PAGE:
Child Arrangements Orders
If parents are divorced or separated there are often many issues which need to be settled. One of the most difficult is making arrangements for a child after the separation. If there is a dispute about who the child is to live with or how much time they should spend with each carer then either parent may apply to the Court for a Child Arrangements Order. These orders are designed to directly replace Residence Orders and Contact Orders.
Child Arrangements Orders were introduced in 2014 in response to concerns that many applications under the old scheme were being made unnecessarily. It was felt that applications were being made for the sake of the formality that they brought to the process, even in instances where there was no actual dispute between the parents.
Residence and Contact Orders were formally abolished on 22 April 2014 and can no longer be issued. Any orders already granted under the old scheme remain in force and parents who have these orders in place do not need to reapply under the new scheme.
The new Child Arrangements Orders deal specifically with two issues: Firstly, who a child is to live with or spend time with; Secondly, when a child is to live with or spend time with a person.
In this respect Child Arrangements Orders are remarkably similar to the Residence and Contact Orders which they were brought in to replace. It is difficult to see how this change has clarified matters or helped to prevent unnecessary applications. Some people find the changes confusing and it is important for parents to seek appropriate legal advice if they are unsure.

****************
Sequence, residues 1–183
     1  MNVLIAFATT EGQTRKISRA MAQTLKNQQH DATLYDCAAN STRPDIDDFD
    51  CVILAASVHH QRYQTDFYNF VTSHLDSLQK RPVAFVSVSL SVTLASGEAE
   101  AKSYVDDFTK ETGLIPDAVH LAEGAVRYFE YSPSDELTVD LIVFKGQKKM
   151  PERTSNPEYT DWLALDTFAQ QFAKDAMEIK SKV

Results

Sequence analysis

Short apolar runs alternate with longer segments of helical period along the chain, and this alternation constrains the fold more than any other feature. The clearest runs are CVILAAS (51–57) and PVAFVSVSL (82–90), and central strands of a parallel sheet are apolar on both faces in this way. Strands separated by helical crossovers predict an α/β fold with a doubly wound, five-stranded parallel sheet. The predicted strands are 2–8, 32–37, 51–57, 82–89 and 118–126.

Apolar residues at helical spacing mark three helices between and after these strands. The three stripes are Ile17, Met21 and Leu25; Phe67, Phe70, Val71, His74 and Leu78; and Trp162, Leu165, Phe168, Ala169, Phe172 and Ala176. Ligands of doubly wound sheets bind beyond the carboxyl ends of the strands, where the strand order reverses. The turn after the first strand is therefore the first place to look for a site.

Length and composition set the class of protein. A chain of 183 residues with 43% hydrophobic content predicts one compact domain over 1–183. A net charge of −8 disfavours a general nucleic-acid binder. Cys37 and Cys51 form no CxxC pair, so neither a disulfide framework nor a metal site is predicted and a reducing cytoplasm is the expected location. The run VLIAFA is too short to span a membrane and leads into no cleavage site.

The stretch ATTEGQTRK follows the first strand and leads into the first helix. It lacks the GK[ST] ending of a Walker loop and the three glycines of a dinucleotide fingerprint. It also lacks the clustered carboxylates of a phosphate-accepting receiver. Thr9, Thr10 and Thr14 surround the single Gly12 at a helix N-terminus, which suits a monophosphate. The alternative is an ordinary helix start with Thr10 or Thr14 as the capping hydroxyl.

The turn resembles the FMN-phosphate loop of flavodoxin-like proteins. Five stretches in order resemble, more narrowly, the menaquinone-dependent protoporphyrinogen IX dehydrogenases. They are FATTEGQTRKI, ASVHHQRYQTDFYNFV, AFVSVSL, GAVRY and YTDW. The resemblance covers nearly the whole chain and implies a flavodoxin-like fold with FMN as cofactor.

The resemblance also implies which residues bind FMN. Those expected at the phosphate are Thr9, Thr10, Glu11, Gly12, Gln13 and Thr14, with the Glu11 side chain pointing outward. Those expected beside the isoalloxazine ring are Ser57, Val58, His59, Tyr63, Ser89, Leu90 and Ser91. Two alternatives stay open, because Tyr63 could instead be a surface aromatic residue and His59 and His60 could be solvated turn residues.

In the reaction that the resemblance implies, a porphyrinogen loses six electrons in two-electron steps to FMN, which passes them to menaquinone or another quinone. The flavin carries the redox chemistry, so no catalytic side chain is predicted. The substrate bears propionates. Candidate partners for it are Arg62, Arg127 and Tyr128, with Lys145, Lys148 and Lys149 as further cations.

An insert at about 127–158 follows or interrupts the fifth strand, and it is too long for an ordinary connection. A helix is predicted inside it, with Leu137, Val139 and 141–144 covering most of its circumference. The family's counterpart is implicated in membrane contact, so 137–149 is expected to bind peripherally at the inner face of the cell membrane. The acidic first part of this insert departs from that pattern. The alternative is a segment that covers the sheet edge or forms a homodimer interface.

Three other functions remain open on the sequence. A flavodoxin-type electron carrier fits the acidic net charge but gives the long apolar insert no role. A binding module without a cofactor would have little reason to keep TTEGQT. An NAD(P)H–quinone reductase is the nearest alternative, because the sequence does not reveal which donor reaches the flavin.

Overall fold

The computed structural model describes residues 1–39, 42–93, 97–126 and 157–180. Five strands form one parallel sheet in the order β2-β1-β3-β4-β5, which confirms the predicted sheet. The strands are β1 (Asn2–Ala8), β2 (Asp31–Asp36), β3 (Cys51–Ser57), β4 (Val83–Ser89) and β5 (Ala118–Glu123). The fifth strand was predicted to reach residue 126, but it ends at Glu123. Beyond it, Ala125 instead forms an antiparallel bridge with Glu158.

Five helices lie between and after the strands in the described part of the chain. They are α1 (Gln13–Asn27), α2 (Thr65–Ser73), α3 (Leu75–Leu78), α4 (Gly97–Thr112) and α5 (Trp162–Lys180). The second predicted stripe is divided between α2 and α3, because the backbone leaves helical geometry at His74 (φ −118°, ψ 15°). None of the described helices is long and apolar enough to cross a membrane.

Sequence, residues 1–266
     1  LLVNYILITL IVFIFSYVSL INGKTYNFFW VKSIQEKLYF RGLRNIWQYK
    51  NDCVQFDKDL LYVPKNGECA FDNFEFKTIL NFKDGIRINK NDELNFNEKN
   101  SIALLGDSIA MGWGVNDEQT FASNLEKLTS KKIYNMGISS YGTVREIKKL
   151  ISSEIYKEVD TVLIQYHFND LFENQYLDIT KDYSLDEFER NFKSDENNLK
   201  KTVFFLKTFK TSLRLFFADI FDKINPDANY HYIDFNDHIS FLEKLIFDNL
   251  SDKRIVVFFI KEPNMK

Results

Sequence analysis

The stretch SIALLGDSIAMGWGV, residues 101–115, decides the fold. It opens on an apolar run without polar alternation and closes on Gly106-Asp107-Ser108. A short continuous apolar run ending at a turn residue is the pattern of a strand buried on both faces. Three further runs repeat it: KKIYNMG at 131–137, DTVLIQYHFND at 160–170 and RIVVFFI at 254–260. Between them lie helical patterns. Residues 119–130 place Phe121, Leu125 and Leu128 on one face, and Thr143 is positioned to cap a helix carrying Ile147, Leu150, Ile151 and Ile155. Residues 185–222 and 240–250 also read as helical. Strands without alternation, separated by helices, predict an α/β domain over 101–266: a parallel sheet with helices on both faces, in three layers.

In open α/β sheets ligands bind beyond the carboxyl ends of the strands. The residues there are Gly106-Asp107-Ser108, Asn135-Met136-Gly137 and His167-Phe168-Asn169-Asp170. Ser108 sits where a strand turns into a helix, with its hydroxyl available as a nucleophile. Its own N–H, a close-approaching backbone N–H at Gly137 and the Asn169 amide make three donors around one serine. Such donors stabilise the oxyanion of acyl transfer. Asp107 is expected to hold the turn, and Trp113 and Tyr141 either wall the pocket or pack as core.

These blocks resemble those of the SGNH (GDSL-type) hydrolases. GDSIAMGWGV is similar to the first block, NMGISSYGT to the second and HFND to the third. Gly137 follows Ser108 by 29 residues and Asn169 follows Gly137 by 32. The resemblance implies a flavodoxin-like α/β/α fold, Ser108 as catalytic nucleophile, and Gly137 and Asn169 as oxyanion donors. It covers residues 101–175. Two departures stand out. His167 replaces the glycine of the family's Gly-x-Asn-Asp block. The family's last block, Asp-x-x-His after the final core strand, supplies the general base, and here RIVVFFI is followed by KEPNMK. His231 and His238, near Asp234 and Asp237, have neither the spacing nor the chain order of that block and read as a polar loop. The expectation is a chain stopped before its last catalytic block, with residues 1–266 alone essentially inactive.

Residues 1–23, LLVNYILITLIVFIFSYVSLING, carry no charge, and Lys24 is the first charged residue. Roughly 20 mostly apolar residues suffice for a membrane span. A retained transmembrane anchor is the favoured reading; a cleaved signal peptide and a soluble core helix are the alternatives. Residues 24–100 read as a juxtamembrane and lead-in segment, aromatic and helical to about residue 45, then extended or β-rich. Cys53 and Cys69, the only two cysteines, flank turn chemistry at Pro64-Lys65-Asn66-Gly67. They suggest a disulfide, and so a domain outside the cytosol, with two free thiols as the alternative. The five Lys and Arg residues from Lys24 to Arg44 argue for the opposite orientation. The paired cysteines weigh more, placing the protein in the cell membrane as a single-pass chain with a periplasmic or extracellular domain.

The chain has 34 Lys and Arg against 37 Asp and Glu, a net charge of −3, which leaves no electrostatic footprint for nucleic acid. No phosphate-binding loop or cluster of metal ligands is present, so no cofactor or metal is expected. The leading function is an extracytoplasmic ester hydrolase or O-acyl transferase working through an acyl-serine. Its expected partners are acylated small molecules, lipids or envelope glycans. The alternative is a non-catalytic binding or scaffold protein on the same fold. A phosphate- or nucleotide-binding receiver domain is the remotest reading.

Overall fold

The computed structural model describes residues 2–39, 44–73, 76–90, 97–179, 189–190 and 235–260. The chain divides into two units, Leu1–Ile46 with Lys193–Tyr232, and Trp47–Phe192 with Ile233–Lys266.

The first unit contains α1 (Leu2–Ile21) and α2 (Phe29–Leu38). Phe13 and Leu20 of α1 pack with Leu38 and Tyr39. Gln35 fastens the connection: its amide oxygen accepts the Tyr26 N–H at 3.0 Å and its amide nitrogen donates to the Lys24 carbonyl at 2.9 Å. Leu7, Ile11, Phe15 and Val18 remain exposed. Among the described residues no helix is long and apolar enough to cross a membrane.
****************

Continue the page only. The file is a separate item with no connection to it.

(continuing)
Any situation that may require a Child Arrangements Order is naturally very delicate and stressful for all parties. It is therefore compulsory, in most instances, for anyone who wants to make an application for a Child Arrangements Order to first go to a Mediation Information and Assessment Meeting (Miam).
A MiaM is a meeting with a trained mediator who will help you to work out if it is possible to resolve the dispute without having to go to court. Mediators do not take sides and will not tell either party what to do. Their job is to help people to communicate with each other and to provide a calm and open environment in order to offer the best chance of finding an acceptable solution. Both parents will normally have to attend a MAIM but they do not have to attend at the same time if they do not wish to.
Mediation is an alternative to the more rigid legal mechanism of the court system and can save a lot of the time and expense normally incurred. It is particularly suitable for situations involving children and vulnerable people since it focuses on finding mutually acceptable solutions rather than being based on conflict. For more information on MAIMs and mediation please visit our Help Centre at the top of the page.
Just Divorce Mediation offer a professional, confidential service across the Midlands and the North of England. If you would like further advice tailored to your situation, or you would like to find out how we can help you please call us on 01617 381 041. You can also get in contact using our online form by following the link on the right and selecting the appropriate option.